Tooth Loss and Bone Loss
Consequences of Tooth Loss, Bone Loss, and Years of Wearing Dentures
Losing teeth leads to a series of negative consequences in the mouth, effecting the health of not only the mouth but also overall health. These consequences are even furthered with loss of several teeth, and especially with loss of all of ones teeth. The purpose of the bone surrounding the teeth in the jaw is to support the teeth, and once the tooth/teeth are gone the bone loses its purpose and begins to literally “melt” away. It is a process that starts immediately after teeth are extracted, proceeds very rapidly over the first year, and then proceeds gradually over the rest of the person’s life. The bone loss becomes a disease.
- Bone loss – up to 30% the 1st year after and 60% first 3 years
- Shrinking of gum tissue, along with loss of bone, less surface area for denture to hold onto over years
- Loss of chewing ability
- Embarrassment from ill-fitting denture causing avoidance of social situations
- Decreased confidence and satisfaction with life
- Thinning of gum tissue, causing sensitivity to rubbing of denture
- Gradual loss of stability in a person’s natural bite which can lead to pain and problems in the jaw joint (TMJ)
- Increased spending on denture adhesives
- Esthetics suffer
- Loss of lip and cheek support which can cause premature wrinkling and create appearance of premature aging
- Nutrition suffers from inability to eat healthier foods (fruits, vegetables, etc.) and life span may be decreased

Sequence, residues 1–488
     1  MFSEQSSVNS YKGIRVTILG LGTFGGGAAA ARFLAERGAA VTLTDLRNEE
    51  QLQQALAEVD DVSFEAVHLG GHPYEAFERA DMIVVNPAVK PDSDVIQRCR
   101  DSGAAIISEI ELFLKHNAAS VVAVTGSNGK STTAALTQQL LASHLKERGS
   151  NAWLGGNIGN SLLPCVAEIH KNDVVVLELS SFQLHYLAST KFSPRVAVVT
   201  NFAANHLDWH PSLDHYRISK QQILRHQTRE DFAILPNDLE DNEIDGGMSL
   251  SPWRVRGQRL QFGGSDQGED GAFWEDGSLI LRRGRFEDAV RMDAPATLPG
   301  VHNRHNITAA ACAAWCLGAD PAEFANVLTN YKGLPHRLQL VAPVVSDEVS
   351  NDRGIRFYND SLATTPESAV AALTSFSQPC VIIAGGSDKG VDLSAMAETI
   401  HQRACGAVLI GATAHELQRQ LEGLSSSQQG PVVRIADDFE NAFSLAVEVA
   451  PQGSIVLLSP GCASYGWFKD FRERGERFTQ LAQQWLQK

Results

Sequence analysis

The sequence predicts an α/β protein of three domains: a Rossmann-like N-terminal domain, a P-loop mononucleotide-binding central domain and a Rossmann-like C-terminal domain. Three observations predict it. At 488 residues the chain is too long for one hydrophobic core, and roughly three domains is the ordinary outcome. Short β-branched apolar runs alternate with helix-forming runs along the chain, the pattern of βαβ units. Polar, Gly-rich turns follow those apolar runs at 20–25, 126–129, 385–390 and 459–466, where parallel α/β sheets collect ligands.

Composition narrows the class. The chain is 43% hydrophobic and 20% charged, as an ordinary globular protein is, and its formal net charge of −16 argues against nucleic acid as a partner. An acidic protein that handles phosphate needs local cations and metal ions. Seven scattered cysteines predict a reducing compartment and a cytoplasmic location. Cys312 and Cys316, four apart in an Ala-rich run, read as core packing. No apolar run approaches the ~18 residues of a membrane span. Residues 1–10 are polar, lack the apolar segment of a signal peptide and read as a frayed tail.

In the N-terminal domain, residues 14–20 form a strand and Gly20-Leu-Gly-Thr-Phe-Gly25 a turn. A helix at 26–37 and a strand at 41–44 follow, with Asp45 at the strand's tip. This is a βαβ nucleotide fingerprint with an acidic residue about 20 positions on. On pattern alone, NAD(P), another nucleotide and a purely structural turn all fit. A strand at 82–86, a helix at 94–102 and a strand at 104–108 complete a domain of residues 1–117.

- Speech is often affected
- Higher risk for other health problems and increased medical costs
- Progressive increased denture movement caused by ill-fitting of denture, increased pressure by muscles of mouth and tongue
- Tongue becomes larger and more active in eating leading to less denture stability
These continual changes in the bone and gum cause dentures to gradually stop fitting as they were originally intended to, leading to loose dentures, denture sores, and actually increased bone loss. This is why dentures are supposed to be replaced every 5 to 10 years.
The only way to stop this melting away of bone is dental implants. Dental implants replace the roots of teeth, and thus give the surrounding bone its purpose and function back, stabilizing and stopping the bone loss!
However, what often happens is that by the time a person decides they want dental implants after tooth loss, they have lost too much bone to place implants (you need enough bone to support the implant), and thus require more extensive bone grafting before implants can be placed. This is why waiting too long after tooth loss to place implants can lead to increased cost to place implants.
Planning in advance before extracting of teeth can also allow us to decrease the immediate bone loss that occurs by performing a simple procedure called site/ridge preservation at the time of extraction. This is a very important procedure that can make future placement of implants much more predictable and less costly, and should be done on everyone having teeth extracted and considering implants in the future.